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Community Corporation By-Laws

In this chapter, we explain the by-laws, some examples, enforcement, and amending.

By-laws are the rules of the community corporation. Each corporation has its own by-laws. The by-laws bind the lot holders, tenants and the corporation to an agreement regarding the use and upkeep of units and common property. While legal obligations under the Community Titles Act cannot be avoided or changed, the by-laws are determined by the corporation itself.

Every Community Corporation has a set of by-laws. These are constructed by the developer’s conveyancer or legal practitioner when the group is lodged as a plan with the Lands Titles Officer. The by-laws can be amended by the Corporation.


75—Functions and powers of corporations

(1) The functions of a corporation are:

(d) to enforce the by-laws and the development contracts (if any);

By-laws can be quite prescriptive, some common provisions compel the owner or occupier to:

  • keep the unit in a clean and tidy condition.
  • not interfere with lawns, gardens etc. on the common property.
  • not display signs without consent.
  • not keep animals in or about the unit without consent.
  • notify the corporation of changes in ownership or occupier.
  • use the common property reasonably.
  • yard is a mess – overgrown
  • rubbish about the unit
  • no rubbish bin
  • leaking hot water service

What does this mean?

The corporation has an obligation to enforce the by-laws when it is aware that a resident, visitor or owner are in breach.

Best Practice

The Corporation and its officers need to ensure they have evidence of a breach before warning or ‘breaching’ the owner or resident. Examples are:

  • a signed diary by affected residents
  • photographs
  • officers sighting the problem

In the case of tenants, call the owner or their agent rather than the tenant. It is up to the owner or their agent to deal with their tenant or their visitors.

See Disputes Chapter for more.


How to Change the by-laws of a Community Corporation: By-laws of a corporation can be changed by a special resolution of its members, but any change must be lodged with the Registrar General at the Lands Titles Office to be effective and legal. We suggest your group seek the advice of a licensed conveyancer or lawyer.

Section 39—Variation of by-laws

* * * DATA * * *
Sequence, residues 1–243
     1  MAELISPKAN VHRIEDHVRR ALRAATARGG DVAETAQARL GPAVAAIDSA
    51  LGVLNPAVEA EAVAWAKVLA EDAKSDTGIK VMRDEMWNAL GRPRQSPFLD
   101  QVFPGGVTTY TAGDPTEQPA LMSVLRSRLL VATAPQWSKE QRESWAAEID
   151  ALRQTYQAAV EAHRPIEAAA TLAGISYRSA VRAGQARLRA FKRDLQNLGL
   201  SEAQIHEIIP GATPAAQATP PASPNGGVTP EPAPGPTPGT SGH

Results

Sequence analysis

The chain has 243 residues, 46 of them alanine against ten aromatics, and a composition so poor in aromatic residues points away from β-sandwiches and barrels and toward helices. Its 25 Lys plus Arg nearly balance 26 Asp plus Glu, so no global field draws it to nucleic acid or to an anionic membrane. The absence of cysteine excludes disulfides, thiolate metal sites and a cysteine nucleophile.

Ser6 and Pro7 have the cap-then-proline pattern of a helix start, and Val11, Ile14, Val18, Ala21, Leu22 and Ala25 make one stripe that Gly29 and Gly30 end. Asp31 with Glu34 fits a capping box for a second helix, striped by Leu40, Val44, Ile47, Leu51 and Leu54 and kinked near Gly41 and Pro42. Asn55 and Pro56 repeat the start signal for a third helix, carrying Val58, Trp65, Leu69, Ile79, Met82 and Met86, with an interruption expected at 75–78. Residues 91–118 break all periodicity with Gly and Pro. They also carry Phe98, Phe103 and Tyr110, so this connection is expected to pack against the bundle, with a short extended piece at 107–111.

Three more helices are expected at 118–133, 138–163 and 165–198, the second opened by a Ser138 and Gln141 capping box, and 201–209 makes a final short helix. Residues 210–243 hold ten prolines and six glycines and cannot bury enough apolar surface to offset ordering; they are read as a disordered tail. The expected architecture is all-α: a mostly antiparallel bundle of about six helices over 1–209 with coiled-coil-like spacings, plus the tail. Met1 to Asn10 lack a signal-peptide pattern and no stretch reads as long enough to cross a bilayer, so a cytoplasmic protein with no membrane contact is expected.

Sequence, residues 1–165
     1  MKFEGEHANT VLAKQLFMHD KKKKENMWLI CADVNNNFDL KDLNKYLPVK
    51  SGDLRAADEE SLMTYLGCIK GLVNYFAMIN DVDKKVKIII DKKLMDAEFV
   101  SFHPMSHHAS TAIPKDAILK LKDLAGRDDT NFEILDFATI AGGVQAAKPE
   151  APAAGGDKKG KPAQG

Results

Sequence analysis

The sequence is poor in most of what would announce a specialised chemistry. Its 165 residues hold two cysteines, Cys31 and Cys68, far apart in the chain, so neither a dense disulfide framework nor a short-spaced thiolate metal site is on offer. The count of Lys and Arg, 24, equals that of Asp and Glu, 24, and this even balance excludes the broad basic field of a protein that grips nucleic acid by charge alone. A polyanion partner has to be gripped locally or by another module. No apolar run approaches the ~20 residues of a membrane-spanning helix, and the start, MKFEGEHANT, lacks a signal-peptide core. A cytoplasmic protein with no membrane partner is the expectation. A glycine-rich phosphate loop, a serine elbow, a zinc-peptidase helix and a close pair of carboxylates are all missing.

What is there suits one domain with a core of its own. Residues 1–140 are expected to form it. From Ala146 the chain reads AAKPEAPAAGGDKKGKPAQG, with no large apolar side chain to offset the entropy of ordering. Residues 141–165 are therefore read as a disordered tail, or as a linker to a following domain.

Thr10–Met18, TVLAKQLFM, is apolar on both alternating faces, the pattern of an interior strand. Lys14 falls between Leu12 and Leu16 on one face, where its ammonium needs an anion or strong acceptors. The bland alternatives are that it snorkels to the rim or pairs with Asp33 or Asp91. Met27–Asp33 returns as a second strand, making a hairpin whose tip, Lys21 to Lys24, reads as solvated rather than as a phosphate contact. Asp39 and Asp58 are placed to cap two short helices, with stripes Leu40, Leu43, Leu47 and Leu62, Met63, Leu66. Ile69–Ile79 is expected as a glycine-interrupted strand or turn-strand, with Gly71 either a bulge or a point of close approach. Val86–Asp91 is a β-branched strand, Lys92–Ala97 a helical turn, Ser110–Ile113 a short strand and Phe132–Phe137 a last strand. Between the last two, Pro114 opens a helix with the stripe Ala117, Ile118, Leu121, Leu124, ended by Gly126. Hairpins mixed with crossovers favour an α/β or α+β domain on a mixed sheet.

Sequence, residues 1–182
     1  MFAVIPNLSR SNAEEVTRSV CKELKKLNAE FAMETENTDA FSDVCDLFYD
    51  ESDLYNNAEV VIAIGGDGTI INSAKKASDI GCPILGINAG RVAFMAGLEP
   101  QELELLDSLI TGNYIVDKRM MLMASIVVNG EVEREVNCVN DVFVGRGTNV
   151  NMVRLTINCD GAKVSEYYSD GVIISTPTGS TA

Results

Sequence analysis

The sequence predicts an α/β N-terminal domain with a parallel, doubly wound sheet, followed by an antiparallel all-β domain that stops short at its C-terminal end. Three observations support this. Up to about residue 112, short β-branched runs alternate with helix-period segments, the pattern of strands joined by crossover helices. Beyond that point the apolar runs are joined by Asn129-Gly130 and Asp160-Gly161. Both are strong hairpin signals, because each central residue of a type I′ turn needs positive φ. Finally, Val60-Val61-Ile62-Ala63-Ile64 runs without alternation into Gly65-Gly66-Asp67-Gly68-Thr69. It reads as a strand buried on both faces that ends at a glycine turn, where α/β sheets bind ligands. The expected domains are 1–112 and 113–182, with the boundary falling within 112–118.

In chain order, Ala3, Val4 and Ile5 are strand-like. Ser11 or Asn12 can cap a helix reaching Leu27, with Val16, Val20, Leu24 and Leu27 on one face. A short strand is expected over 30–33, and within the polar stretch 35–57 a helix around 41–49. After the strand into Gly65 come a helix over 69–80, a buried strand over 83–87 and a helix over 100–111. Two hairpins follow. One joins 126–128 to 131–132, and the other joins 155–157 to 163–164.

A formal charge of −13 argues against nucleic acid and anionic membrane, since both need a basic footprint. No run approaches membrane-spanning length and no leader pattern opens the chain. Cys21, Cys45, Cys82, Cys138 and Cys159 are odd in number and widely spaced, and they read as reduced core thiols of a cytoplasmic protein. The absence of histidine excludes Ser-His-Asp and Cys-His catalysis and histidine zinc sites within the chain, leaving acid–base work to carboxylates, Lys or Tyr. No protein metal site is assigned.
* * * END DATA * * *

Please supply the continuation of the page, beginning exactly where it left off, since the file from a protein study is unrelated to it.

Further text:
(1) Subject to section 87(2), by-laws may be varied by special resolution of the
community corporation.
(2) Within 14 days after the passing of a resolution varying the by-laws or the making of an order by a court varying a by-law, the corporation must lodge with the Registrar- General:

(a) a copy of the by-laws as varied; and
(b) a copy of the resolution or order; and

The Registrar-General may extend the period for lodgement in the case of variation of the by-laws by a court order but not in the case of variation by resolution.
(4) In the case of variation of the by-laws by resolution, the corporation must provide evidence to the satisfaction of the Registrar-General that the variation was made by a special resolution of the corporation.
(5) Copies of the resolution and the by-laws as varied must be certified in accordance with the regulations.
(5a) The certified copy of the by-laws must be endorsed with a certificate, in the form prescribed by regulation, from the person who prepared the by-laws or an officer of the community corporation certifying that the by-laws have been correctly prepared in accordance with this Act.
(6) If the requirements of this Part are satisfied, the Registrar-General must file the certified copy of the by-laws with the plan of community division in substitution for the copy previously filed with the plan.
(7) If a community corporation fails to comply with the requirements of this section in relation to the variation of the by-laws by a court order, a member of the corporation may comply with them on its behalf.


The following examples of by-laws and our disputes chapter may assist in the running of your group.

By-Laws example 1

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By-Laws example 2

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Disputes chapter

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